The official motion to deny a liquor license for a store on the second floor of the recently opened Columbia Wegmans was based on the determination that the store was "not necessary for the accommodation of the public."
But members of the county Alcoholic Beverage Hearing Board had several other concerns about the store, including a state law banning liquor licenses from being issued "in conjunction with or on the premise of" chain stores, the store's impact on nearby liquor stores and the inexperience of the man who is the public face of the store.
Those concerns prompted the board, in a unanimous decision July 30, to reject a liquor license application from Columbia Wine Partners LLC, which was seeking to sell beer, wine and hard liquor from about 9,800 square feet of leased space on the second floor of the recently opened Wegmans in Columbia.
"It's far, far, far too murky for me," board member Harry Evans said.
The partners in Columbia Wine Partners are two people: Christopher O'Donnell, of Rochester, N.Y., and Michael Smith, of Ellicott City.
O'Donnell, the husband of Wegmans President Colleen Wegman, owns 90 percent of the proposed liquor store through IAD LLC, a company registered in Delaware, of which he is the sole member.
The other 10 percent of store is owned by Smith, an attorney who started doing labor employment law work for Wegmans when the supermarket chain began moving into the Washington area about a decade ago, he previously told the Howard County Times.
Board member Anne Santos made the official motion to deny the application based on lack of public need.
"I'm not hearing the community come out and tell me there's a need for this," she said, noting only one person not directly affiliated with the application testified in support of it.
However, Tom Meachum, O'Donnell's and Smith's attorney, disagreed.
"I think there is a need," he said after the board's decision. "What is unfortunate is there wasn't a way to generate the appearance of more supporters."
Asked about the possibility of an appeal, Meachum said: "It's premature. You have to wait and see what the written decision says."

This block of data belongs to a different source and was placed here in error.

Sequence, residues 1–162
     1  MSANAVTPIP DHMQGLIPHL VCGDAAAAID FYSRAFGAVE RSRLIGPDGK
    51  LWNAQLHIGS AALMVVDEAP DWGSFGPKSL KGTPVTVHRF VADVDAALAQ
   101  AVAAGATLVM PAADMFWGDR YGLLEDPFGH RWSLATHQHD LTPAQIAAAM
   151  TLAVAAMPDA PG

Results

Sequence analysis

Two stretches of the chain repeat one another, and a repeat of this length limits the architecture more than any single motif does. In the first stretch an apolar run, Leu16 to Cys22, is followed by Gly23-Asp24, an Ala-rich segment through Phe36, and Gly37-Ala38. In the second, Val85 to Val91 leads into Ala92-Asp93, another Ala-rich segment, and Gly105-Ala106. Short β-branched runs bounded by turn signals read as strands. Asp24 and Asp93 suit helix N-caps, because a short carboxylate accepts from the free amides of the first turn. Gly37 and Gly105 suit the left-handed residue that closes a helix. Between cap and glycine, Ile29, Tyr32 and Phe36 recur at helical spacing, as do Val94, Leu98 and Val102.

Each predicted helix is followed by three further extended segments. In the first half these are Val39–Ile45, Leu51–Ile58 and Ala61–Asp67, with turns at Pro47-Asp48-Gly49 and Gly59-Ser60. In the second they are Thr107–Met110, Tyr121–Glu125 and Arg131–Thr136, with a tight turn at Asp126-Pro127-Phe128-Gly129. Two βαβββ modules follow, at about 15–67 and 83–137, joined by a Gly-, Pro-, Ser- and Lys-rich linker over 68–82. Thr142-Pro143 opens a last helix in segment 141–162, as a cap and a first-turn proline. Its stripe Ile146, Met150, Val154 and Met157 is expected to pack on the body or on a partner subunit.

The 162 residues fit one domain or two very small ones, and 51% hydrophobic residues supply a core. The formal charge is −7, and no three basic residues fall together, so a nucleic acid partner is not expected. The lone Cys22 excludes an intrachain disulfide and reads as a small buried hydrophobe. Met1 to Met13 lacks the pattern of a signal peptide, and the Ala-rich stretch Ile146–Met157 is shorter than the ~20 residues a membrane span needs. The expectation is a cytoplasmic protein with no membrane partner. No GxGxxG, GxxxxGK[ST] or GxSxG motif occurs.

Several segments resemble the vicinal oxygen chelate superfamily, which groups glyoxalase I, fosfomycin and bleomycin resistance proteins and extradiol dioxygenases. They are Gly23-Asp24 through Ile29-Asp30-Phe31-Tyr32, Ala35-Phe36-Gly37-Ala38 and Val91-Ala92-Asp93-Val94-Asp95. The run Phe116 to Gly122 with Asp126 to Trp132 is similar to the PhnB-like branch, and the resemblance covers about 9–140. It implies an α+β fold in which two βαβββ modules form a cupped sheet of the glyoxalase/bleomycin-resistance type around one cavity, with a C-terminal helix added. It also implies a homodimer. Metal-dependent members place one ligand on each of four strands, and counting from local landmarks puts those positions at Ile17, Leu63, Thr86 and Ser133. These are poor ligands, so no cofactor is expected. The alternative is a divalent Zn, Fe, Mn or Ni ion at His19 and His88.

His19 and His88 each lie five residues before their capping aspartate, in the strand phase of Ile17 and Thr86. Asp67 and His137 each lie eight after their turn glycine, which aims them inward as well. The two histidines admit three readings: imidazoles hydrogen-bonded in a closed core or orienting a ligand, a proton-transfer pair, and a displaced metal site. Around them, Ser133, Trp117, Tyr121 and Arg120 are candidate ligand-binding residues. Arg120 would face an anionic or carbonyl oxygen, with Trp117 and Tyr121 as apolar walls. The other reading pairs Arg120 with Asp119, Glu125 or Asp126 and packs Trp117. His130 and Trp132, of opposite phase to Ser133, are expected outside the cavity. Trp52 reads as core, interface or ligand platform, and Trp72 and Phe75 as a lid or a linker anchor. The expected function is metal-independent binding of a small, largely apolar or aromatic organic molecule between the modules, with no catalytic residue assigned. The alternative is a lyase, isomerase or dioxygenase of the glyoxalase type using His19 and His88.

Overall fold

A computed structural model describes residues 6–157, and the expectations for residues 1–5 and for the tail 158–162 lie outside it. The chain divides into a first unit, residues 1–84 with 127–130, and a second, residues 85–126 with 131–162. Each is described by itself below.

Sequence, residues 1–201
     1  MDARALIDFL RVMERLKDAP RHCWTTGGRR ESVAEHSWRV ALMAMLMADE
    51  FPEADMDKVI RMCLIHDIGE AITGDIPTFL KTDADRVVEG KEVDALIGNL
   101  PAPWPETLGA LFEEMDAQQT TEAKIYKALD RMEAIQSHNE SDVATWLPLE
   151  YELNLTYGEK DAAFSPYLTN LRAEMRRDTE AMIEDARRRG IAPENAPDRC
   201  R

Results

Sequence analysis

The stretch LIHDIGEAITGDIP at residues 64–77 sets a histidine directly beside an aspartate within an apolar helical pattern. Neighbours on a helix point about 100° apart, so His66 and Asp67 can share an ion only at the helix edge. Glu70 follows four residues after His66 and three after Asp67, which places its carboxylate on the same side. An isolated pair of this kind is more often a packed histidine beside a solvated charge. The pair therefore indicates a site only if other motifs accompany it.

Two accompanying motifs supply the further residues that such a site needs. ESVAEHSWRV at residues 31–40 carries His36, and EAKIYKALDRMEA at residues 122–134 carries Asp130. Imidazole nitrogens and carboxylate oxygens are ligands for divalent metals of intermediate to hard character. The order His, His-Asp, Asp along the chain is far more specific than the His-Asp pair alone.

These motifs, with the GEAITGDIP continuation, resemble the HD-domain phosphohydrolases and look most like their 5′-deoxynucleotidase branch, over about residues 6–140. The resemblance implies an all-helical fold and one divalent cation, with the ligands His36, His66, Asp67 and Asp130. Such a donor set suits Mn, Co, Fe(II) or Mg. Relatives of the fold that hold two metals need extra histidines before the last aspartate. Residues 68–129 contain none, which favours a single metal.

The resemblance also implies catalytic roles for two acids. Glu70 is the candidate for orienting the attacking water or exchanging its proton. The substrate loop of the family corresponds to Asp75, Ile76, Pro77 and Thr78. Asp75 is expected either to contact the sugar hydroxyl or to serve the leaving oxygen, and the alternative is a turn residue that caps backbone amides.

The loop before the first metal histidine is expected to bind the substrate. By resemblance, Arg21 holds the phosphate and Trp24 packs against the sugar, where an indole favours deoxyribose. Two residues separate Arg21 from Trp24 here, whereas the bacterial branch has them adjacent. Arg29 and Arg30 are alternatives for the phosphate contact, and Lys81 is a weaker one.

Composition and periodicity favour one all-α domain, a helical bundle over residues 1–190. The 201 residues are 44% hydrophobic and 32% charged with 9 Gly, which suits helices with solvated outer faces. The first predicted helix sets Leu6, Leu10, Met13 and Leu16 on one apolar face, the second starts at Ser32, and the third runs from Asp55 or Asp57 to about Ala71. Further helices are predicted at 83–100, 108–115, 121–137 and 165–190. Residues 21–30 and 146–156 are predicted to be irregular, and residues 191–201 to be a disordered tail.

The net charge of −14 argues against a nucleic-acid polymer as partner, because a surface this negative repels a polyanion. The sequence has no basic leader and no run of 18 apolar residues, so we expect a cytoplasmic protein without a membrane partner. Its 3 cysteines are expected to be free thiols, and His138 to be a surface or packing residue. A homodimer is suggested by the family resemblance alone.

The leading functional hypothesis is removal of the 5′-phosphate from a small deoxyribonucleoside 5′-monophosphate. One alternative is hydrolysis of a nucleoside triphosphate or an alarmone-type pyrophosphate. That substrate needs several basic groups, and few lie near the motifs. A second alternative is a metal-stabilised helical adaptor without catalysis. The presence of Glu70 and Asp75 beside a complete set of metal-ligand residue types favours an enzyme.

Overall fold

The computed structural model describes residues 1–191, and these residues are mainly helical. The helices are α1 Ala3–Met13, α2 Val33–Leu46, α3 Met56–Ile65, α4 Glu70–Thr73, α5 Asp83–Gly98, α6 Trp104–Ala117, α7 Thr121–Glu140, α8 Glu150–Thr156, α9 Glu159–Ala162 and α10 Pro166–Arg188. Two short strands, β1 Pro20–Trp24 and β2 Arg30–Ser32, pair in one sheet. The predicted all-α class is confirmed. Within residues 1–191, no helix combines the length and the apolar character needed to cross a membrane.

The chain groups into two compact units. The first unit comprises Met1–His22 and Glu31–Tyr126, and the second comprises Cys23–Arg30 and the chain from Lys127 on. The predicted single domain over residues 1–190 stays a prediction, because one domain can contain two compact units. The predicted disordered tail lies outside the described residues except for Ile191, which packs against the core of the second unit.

Once the board issues its written decision, Columbia Wine Partners will have 10 days to file an appeal to the Liquor Board, which is the County Council sitting on matters involving liquor licenses. The Liquor Board would then hold a public hearing, in which only the attorneys from either side can speak, to decide if it should rehear the full case.
'No need' for store
The lack of public need for the proposed liquor store was one of the many points argued by opposition attorneys Thomas C. Beach III and J. Steven Wise. The two attorneys represented three existing county liquor stores, but many liquor stores owners from Howard and surrounding areas testified against the proposal.
Wise, who represented The Kings Contrivance Liquor and Smoke Shop in Columbia and Glenwood Wine & Spirits, cited previous cases in which the hearing board rejected proposals based on public need: one from January 2010, where five stores were already operating within a three-mile radius of the proposed location, and one from June of this year, where seven stores were operating within a 1.5-mile radius of the proposed location.
"If that means there's no need, I would submit to you that the eight within 1.5 miles of this location and the 13 within three miles should mean the same thing," Wise said.
Beach, who represented the Perfect Pour in Elkridge, and Wise also argued that the proposed store goes against the state law that says "a license cannot be issued to or for use in conjunction with or on the premise of" a chain store or grocery store. (The few chain or grocery stores operating with liquor licenses throughout the state were grandfathered in when the law was passed in the 1960s.)